When you’ve really gone blank, a radically different approach sometimes helps to unlock the ideas flow. The following two devices have helped me and I still use them to get things going!
How to see with your hands
I first heard of this technique from Glen Swart, a graphic designer friend, who suggested it as a way of thinking differently by using the tactile sense. Outside of an artist’s studio, a “touchy-feely” box can be found in the classroom for children’s science projects and is also used in therapy for people with neurological illness/injury, autism, learning disability and so on.
Here’s what you do for a DIY touchy-feely carton:
- Make or find a carton or box, making a hole big enough for your hand
- Put some stuff in the box (no perishables please, or anything that can cause injury; it’s even better if you can have a friend put some items in the box, so you don’t know what they are). Here are a few of the things currently in my tactility trunk:
- Forgive the over-used phrase, “think outside the box” because this requires you to consider what’s inside your cardboard cube when you put your hand in one in order to explore the surfaces, shape and textures without looking at them. By doing so, you focus your thought processes in another part of your brain – and maybe this will spark new creative ideas when you’re not even trying.
How to do a blind contour drawing
This classic artist device promotes the act of seeing over that of making marks on paper. What you’ll need is a timer/stopwatch, two sheets of paper, a pencil (or pen). Oh and you’ll need something to look at (the more detailed/intricate the better), like this piece of driftwood in the window of Tierra Verde, our local Spanish deli where one can sit happily for as long as you want with a sketchbook, a glass of wine and a plate of hand-cut jamon… but I’m getting away from my point…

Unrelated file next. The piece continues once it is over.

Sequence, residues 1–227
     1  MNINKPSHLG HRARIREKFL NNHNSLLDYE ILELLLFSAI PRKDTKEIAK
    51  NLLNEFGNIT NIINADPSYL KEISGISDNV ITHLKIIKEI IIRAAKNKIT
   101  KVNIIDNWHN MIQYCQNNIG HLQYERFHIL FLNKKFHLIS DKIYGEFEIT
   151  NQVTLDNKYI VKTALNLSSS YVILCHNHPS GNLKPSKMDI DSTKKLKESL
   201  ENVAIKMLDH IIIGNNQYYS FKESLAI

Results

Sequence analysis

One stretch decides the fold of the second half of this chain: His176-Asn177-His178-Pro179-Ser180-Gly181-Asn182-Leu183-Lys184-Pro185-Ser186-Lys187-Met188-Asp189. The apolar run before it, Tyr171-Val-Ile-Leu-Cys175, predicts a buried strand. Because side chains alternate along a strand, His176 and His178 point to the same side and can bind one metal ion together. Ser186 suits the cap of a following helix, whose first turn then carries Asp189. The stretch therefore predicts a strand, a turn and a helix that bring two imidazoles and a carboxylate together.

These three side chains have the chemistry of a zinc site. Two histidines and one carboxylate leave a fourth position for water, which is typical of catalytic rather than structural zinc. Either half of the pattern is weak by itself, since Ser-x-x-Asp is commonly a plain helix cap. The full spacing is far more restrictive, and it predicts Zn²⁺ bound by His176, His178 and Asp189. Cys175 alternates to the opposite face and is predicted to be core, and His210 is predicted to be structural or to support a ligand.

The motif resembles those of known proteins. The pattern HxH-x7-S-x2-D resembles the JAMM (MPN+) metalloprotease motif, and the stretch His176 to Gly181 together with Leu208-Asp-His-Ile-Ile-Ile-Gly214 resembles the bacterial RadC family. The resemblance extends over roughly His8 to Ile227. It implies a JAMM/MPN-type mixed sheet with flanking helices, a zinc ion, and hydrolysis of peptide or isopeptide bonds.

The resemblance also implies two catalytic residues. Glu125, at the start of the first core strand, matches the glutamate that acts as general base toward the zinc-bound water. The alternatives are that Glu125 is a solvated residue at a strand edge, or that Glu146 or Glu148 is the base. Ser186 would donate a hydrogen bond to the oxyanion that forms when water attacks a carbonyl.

Here’s what you do:
- Seat yourself where you can have a good view of your subject.
- Set your timer for somewhere between 5 and 20 minutes.
- Place one sheet of paper on your table or board, and hold the other sheet up to block your view of the page you’re drawing on.
- Start the timer.
- Starting anywhere on the item you’re drawing, without picking up your pencil, very slowly trace every contour you see. Really drag this out, focusing on every edge moving your pencil in time with where your eyes are looking.
- You’re done with the timer goes off.
You’ll end up with a non-representational drawing that has in fact captured every single detail you saw with surprising accuracy. Because you spent so much effort looking at the object, you will probably recognise many of the same contours in your drawing. And that simple sketch may lead you to another one and another. Suddenly, the driftwood disappeared when I recognised the arched back and outstretched hands of a man’s frustrated attempt to break free from the twisted log.
One last thought – combine blind with touchy-feely
Finally, expand the two ideas above and try blind contour drawing with one hand in the box and the other holding a pen to copy what you feel. You’ll end up with a wacky image for sure, and if you are having trouble depicting texture in paintings or drawings, it may help to see the surface better with your fingers as you depict the the objects with a pencil.
If nothing else, these exercises are good for a laugh and like nothing else, laughter eases tension and a lack of tension is a good place for unleashing creativity!
More links and information
- Artist’s block? Try idea generator no. 1 – automatic drawing – kelise72.com
- Building toys and Borough market – 2 antidotes for artist’s block – kelise72.com
- Collage is a possible cure for creative clog – kelise72.com
- Check out the work of graphic designer Glen Swart
- Art teacher and practitioner Betty Edwards wrote “Drawing on the Right Side of the Brain”, in which she utilises blind contour drawing as one of the first exercises in learning to really see what you draw. I’ve been drawing for well over 30 years and I still refer to this book from time to time!
- Chicago native artist and film maker Ian Skalrsky’s website and read more about his Blind contour portraits
- Line drawing: a guide for art students on Student Art Guide by Amiria Robertson – an excellent source for all things art students; this page gives advice on how to do line drawing exercises, as well as superb examples of ‘masters’ as well as contemporary artists’ work.
- Marbles The Brain store (and Marbles the Brain blog) – shop, advice and resource for toys, games and therapeutic devices for people with brain injury, neurological illness or learning disability